Neither Title II nor Title III of the ADA itself, nor their implementing regulations, expressly mandate captioning. Under both Title II and Title III, covered entities are required to furnish appropriate auxiliary aids and services “where necessary to ensure effective communication” with individuals with disabilities. [26] The determination of which auxiliary aid is appropriate is fact specific, and it will depend on the nature of the communication and the needs of the particular individual. For example, a sign interpreter would not provide effective communication for individuals who are deaf or hard of hearing impaired but do not use sign language. In determining the appropriate auxiliary aid or service, entities covered by Title II must give primary consideration to the requested preference of the individual with a disability. [27] Entities covered by Title III are not required to do so, so long as the aid or service provided results in effective communication; but these entities should consult nonetheless with the individual with a disability to determine his or her particular communication needs. [28]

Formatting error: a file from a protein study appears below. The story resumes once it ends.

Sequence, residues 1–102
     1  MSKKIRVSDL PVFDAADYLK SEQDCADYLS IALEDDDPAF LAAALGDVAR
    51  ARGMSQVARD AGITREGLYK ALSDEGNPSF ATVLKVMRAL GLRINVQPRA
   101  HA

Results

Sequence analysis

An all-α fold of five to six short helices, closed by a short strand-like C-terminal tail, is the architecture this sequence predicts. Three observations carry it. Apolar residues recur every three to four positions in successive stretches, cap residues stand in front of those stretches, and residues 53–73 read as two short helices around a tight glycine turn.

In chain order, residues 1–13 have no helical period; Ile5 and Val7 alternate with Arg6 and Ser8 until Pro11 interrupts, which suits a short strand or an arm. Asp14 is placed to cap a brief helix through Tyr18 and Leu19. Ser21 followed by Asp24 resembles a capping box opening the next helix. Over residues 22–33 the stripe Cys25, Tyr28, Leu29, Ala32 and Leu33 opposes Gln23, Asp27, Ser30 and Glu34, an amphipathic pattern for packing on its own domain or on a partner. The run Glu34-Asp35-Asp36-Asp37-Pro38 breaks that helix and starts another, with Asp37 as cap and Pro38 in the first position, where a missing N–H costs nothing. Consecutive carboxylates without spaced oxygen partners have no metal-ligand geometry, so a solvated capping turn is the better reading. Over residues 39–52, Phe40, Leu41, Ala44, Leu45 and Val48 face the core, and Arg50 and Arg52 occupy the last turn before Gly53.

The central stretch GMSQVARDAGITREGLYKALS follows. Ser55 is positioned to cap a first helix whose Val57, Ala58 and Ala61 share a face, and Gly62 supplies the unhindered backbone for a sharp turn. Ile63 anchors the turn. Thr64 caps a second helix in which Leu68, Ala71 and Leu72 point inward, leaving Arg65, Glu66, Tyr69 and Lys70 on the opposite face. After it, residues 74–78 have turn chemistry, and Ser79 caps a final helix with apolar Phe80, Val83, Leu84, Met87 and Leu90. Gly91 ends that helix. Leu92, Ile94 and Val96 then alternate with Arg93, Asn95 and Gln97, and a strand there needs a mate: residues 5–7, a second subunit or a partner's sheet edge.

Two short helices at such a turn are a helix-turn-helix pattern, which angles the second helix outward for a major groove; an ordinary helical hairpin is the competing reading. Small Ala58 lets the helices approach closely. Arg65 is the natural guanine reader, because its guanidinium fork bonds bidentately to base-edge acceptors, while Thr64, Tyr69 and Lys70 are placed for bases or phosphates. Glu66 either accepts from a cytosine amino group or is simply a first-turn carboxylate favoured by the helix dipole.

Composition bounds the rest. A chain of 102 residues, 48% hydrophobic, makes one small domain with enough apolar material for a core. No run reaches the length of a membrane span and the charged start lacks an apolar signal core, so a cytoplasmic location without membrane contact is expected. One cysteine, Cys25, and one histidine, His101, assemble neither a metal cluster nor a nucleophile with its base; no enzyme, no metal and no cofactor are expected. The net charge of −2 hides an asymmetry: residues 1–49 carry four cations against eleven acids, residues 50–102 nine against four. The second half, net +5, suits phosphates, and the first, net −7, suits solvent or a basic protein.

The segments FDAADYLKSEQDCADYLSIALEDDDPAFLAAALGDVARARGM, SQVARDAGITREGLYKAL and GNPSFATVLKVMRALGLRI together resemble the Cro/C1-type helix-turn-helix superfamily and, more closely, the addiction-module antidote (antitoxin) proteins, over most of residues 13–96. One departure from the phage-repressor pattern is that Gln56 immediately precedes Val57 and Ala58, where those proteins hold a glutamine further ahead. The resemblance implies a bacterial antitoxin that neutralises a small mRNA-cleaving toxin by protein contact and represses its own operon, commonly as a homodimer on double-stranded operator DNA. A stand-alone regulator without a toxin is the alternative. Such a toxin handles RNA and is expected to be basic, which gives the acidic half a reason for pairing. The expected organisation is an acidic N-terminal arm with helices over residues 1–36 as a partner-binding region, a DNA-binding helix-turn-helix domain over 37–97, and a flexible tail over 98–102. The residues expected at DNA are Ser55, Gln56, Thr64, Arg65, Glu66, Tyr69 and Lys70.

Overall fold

Even though the DOJ chose not to specifically address captioning in sports facilities, the issue has been the subject of recent litigation (against both professional and collegiate sports facilities). In Feldman v. Pro Football, Inc., [29] the first and to date only decision of its kind, the U.S. Court of Appeals for the Fourth Circuit held that Title III of the ADA requires a football stadium to provide auxiliary access to the aural content broadcast over the stadium’s public address system. This included game-related information, emergency information, and other public address announcements, including advertisements, music lyrics, or other entertainment content. While the Fourth Circuit held that “effective communication” requires access to such information, it declined to specifically mandate captioning, inasmuch as the auxiliary aid requirement is a flexible one and the type of auxiliary aid necessary for effective communication will vary with context. The Fourth Circuit also noted that a captioning requirement might pose an undue burden for some stadiums or fundamentally alter the goods or services being provided (defenses that were not raised in the case).